About Alison Holmans

I am inspired by nature: Earth, Fire and Water, the basic elements
for the creation of ceramics.

 

  • Firstly, with my Raku work, I use local clay, cleaning out any stones and organic matter, and then working it into a malleable mass that forms in my hands and comes alive in fire.
     

  • Secondly, with my wheel, I use stoneware clay with the wheel turning and allowing me to work all around the piece at once, harnessing centrifugal force to create tall, wide and practical shapes.

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  • Thirdly, the nature of clay allows me to manipulate it into recognisable forms or pleasing shapes and patterns that produce pieces that are practical, aesthetic and tactile. Glazing the piece adds colour, texture and contrast.  
     

Whilst I enjoy making, I also know my work will go on to live another life and may even evolve again.
The aesthetic is as important as its function.

 

I was I awakened to  pottery when I first went to Palmerston North Teachers College in New Zealand.
The Pottery Department was led by the renowned New Zealand potter Stan Jenkins. Since my
retirement several years ago, I have had the time to try out many of my stored-up ideas that were
put on hold for 45 years!

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My studio is in the back garden in The Chicken Run, where I produce an eclectic mix of wheel-thrown and hand-built work. The chooks take a keen interest in everything that is going on, eagerly wandering into the studio and reluctantly leaving as they are shooed out. They are often subjects of my pottery.

 

I work predominantly with stoneware clay, as it is strong and will take the heat of the oven and any weather conditions outside. I love throwing open forms, such as bowls, that allow me to experiment with glazes and produce beautiful results. I have thoroughly enjoyed exploring hand-built bowls made of coils, dots and the imprint of leaves, producing work that is functional and aesthetic. However, quirky ideas come to me and, sometimes, I deviate from the norm, with items such as bowls with expressive lips, jugs with ‘Hand’-les or in the way I interpret animals.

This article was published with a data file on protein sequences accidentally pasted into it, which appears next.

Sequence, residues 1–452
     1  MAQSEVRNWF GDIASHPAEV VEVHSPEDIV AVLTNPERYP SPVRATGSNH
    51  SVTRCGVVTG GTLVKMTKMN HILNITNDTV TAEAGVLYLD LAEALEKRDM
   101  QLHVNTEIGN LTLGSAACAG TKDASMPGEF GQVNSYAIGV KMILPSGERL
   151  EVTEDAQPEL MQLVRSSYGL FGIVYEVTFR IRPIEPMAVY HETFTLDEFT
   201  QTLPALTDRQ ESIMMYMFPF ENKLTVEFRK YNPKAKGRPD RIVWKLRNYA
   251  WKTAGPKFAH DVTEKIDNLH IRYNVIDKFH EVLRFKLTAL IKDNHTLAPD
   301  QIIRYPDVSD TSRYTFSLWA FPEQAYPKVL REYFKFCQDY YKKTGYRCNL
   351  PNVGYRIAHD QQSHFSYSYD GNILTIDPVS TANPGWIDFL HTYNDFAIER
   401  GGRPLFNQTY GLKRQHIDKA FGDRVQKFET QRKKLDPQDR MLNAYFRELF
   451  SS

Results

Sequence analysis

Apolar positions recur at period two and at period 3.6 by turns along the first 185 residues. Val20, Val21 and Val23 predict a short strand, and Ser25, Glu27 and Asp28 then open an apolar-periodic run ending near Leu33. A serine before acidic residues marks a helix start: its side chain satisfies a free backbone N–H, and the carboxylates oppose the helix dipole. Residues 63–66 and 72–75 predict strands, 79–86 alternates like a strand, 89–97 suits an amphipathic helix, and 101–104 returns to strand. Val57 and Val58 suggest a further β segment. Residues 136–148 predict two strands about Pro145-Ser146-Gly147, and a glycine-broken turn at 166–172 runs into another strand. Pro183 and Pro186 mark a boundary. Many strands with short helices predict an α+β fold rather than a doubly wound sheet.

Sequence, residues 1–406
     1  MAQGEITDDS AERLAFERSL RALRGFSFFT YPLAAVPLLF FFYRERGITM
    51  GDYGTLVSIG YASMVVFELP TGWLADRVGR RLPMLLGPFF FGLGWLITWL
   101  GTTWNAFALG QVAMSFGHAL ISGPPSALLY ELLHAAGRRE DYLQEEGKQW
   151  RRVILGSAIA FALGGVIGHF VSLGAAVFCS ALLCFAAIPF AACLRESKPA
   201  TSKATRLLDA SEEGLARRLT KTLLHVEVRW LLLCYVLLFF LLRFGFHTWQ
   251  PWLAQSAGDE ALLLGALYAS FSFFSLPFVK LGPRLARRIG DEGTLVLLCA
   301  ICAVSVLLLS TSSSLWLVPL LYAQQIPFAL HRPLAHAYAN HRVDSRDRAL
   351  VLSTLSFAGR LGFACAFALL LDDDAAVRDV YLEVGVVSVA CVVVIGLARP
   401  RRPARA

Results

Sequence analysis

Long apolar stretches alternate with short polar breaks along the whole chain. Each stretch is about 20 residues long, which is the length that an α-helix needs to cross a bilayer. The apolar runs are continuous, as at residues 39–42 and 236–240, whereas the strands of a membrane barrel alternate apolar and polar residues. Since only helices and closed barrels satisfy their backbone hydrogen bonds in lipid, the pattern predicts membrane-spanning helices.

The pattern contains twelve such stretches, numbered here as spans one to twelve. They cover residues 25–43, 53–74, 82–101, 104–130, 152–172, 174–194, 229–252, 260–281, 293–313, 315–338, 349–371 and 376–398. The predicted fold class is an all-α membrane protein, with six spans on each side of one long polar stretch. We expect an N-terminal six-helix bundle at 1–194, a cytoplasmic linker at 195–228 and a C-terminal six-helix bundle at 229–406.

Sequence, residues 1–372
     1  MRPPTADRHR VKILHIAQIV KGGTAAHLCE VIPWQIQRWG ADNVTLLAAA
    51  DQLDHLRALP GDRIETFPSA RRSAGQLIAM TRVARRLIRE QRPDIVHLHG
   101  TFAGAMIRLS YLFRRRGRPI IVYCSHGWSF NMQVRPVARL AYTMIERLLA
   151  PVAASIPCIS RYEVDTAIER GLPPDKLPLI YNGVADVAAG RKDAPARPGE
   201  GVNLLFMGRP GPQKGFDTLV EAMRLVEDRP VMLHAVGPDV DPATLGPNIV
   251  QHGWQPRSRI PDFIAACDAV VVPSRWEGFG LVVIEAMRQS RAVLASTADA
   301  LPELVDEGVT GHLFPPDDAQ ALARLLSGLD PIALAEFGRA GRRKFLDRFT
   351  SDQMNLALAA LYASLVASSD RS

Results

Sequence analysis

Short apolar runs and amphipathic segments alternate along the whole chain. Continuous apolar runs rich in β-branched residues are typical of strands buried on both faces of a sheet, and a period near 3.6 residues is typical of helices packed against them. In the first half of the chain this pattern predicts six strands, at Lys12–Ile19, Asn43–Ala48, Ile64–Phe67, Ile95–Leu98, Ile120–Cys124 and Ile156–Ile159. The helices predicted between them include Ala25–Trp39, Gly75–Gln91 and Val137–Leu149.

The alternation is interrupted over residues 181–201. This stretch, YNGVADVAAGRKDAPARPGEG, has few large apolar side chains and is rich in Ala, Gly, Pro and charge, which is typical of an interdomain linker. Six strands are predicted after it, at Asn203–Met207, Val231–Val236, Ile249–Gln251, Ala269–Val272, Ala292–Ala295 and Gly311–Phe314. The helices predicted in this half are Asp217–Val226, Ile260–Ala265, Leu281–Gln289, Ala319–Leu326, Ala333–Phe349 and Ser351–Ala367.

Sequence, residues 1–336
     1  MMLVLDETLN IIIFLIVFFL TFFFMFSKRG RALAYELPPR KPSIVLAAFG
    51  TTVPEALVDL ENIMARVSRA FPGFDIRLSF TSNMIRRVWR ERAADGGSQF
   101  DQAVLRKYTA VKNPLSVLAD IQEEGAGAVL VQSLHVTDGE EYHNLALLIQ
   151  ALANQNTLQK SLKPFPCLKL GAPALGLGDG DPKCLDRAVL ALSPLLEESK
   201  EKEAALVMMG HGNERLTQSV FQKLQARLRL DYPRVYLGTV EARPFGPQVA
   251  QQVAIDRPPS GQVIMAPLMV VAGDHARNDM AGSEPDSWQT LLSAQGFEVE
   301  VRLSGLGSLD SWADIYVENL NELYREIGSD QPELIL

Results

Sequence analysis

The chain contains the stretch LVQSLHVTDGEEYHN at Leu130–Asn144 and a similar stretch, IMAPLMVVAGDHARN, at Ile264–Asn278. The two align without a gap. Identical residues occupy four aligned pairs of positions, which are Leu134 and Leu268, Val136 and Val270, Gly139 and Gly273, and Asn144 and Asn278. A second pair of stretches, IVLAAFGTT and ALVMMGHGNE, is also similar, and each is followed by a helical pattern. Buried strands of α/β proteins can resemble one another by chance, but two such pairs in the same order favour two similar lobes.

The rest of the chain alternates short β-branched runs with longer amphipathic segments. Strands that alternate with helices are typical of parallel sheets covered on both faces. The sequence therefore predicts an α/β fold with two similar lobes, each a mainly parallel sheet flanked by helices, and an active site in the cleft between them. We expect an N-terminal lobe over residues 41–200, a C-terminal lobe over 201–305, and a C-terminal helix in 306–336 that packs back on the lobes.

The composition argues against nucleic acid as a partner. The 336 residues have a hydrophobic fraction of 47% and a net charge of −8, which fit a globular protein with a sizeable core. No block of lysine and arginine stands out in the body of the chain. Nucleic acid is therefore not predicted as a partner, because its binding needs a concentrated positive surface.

I love following my imagination with hand-built work, such as garden features like wind chimes, animals balanced on stones and bird baths.

My birdbaths are made with coils that allow you to see and feel the texture, and feature common garden birds on the edge. These take some time to produce, so each develops uniquely. The glaze used, along with glass, are the final touches that bring the work to life. 

 

I also make quirky animals that often feature in my thrown and hand-built work. These come alive and pose for me as I make them, so each is unique. Raku adds even more life to animals and birds because of the sheer nature of the natural blackening, crackling and lustre of the glazing. Hares are my favourite, and I have been commissioned to produce a hare jazz band, hiker hares with knapsacks and doctor hares with stethoscopes! Taking commissions and personalising pieces is part of the fun. 


In 2020, I returned from a three-month trip to New Zealand and the Solomon Islands straight into pandemic lockdown. For me, this was an opportunity to work in my studio and to try out some ideas I formed during my travels. It also gave me time to create a non-profit Art Window Gallery for local artists to display their work in Eynsham. I also promote the art through daily blogs on Instagram (www.Instagram.com/eynshamartwindow) and Facebook (www.facebook.com/Eynshamartwindow). The artists receive all the outcome of sales and publicity. During Covid times, the Art Window Gallery has been a safe way for people to enjoy art, as well as to discover hidden skills and talent in the local area. 

The Eynsham Art Window will be devoted to Oxfordshire Artweeks artists during May 2022.